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From Simple English Wikipedia, the free encyclopedia

Planctomycetes are a group (phylum) of gram-negative bacteria that can be found in marine habitats including oceans, freshwater lakes, wastewater but also terrestrial habitats like soils. Approximately 11% of marine microbial communities is occupied by this phylum. They grow very slowly compared to other bacteria phylum. The majority of Planctomycetota species reproduce by binary fission which is when the bacterium divides into two (or more) and each part regenerates to become a new cell which resembles the original cell;[1] however, they can also reproduce by budding which is when an organism reproduces by forming a ‘bud’, this bud develops into a full organism.[2]

Planctomycetes were only discovered to be a bacterium in 1972 even though they were first discovered back in 1924. They were first wrongly identified as a eukaryote because their cells are unusually structured compared to majority of bacteria cells and looked more similar to eukaryotes.[3]

This phylum is part of the PVC superphylum which is a superphylum that contains and is named after Plantomycetes, Verrucomicrobia and Chlamydiae. The two classes that are part of the Planctomycetota are Planctomycetia and Phycisphaerae.[3]

Planctomycetes have been identified as a potential source for bioactive molecules which are compounds that can possibly encourage great health.[3]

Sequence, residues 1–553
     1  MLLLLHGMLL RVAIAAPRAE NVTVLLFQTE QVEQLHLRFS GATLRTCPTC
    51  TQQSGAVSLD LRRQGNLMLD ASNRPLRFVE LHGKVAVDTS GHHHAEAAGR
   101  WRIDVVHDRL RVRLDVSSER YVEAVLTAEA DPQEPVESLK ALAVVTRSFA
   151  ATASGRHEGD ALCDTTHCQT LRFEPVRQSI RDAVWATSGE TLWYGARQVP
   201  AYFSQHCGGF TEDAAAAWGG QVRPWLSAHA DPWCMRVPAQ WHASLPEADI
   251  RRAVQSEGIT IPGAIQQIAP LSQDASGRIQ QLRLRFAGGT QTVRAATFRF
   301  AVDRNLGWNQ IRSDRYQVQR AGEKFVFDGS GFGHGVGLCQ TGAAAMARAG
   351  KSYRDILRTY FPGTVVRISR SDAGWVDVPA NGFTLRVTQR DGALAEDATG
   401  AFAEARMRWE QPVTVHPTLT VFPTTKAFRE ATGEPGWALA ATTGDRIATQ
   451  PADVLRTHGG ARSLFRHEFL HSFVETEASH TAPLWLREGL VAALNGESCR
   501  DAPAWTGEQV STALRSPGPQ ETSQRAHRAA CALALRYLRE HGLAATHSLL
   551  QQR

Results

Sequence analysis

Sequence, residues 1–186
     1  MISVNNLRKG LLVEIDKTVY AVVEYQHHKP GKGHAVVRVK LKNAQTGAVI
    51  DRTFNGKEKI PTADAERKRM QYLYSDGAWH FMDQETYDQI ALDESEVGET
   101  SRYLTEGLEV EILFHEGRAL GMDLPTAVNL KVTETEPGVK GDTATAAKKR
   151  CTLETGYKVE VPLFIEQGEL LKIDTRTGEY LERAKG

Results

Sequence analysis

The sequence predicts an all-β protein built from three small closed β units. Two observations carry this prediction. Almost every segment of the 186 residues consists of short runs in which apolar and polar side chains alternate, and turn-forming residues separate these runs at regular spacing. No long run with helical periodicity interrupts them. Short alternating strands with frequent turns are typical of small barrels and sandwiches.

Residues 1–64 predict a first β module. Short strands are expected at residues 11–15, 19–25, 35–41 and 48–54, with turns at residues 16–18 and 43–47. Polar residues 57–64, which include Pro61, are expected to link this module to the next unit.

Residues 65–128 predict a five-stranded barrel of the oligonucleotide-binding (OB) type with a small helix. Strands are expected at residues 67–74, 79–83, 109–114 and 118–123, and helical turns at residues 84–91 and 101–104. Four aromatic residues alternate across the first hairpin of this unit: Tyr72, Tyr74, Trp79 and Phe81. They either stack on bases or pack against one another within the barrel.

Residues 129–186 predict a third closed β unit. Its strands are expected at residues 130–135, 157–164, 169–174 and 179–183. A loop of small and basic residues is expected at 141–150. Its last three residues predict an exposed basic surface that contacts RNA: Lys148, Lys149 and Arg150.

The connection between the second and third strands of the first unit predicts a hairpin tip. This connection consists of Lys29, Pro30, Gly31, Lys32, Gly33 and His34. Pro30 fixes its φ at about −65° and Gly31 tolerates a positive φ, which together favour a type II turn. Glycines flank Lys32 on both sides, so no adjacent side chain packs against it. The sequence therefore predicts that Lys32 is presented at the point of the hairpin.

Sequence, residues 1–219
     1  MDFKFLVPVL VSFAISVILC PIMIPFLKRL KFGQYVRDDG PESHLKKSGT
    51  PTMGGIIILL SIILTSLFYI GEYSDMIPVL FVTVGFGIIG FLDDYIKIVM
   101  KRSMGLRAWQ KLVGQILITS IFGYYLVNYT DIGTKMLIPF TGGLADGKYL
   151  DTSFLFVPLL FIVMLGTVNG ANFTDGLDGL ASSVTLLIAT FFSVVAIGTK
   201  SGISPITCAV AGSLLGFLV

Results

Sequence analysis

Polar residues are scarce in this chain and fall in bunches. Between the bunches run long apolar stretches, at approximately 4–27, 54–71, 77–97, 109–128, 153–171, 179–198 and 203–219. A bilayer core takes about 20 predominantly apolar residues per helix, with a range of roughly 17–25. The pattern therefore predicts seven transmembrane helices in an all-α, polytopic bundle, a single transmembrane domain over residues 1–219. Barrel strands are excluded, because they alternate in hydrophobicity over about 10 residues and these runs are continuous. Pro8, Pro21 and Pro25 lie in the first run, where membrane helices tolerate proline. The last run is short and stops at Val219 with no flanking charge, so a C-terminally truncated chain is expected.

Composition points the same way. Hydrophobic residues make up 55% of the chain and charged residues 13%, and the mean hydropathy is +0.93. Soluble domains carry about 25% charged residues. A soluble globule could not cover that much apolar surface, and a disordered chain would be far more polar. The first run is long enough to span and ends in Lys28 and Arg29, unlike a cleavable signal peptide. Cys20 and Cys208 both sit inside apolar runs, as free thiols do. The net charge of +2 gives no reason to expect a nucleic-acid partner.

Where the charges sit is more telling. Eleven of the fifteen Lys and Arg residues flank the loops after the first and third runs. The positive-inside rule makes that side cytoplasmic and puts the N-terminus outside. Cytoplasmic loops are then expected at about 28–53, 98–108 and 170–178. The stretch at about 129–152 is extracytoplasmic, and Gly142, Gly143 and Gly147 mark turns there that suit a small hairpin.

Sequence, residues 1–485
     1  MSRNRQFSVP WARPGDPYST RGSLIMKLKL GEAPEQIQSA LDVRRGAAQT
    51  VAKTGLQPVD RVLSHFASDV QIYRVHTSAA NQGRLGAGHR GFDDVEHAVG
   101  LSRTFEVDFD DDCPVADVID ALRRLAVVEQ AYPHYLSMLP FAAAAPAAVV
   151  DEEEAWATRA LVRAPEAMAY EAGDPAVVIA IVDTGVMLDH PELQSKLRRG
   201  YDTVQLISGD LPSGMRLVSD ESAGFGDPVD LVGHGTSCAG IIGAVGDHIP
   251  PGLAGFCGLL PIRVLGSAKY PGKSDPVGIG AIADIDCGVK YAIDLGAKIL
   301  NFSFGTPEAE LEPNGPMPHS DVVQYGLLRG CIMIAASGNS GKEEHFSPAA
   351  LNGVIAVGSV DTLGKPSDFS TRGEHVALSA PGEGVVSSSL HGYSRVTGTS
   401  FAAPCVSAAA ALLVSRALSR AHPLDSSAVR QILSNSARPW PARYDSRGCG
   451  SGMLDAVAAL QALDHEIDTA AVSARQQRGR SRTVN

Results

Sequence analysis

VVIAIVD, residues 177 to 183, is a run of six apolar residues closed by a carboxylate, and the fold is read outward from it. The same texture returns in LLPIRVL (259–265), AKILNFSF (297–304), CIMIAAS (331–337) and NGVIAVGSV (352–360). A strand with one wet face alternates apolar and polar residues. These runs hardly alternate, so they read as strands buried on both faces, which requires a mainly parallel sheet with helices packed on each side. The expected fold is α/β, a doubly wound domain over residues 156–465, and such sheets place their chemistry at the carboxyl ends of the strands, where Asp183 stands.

Planctomycetes are heavily involved in producing nitrogen gas with an estimated 30-50% of nitrogen gas in the oceans produced by this phylum. This aids nitrogen production for the nitrogen cycle which is the process of nitrogen transforming into different forms where it is used by many organisms to stay alive.


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  1. Makar, A. B.; McMartin, K. E.; Palese, M.; Tephly, T. R. (June 1975). "Formate assay in body fluids: application in methanol poisoning". Biochemical Medicine. 13 (2): 117–126. doi:10.1016/0006-2944(75)90147-7. ISSN 0006-2944. PMID 1.
  2. Bose, K. S.; Sarma, R. H. (1975-10-27). "Delineation of the intimate details of the backbone conformation of pyridine nucleotide coenzymes in aqueous solution". Biochemical and Biophysical Research Communications. 66 (4): 1173–1179. doi:10.1016/0006-291x(75)90482-9. ISSN 1090-2104. PMID 2.
  3. 3.0 3.1 3.2 Smith, R. J.; Bryant, R. G. (1975-10-27). "Metal substitutions incarbonic anhydrase: a halide ion probe study". Biochemical and Biophysical Research Communications. 66 (4): 1281–1286. doi:10.1016/0006-291x(75)90498-2. ISSN 0006-291X. PMID 3.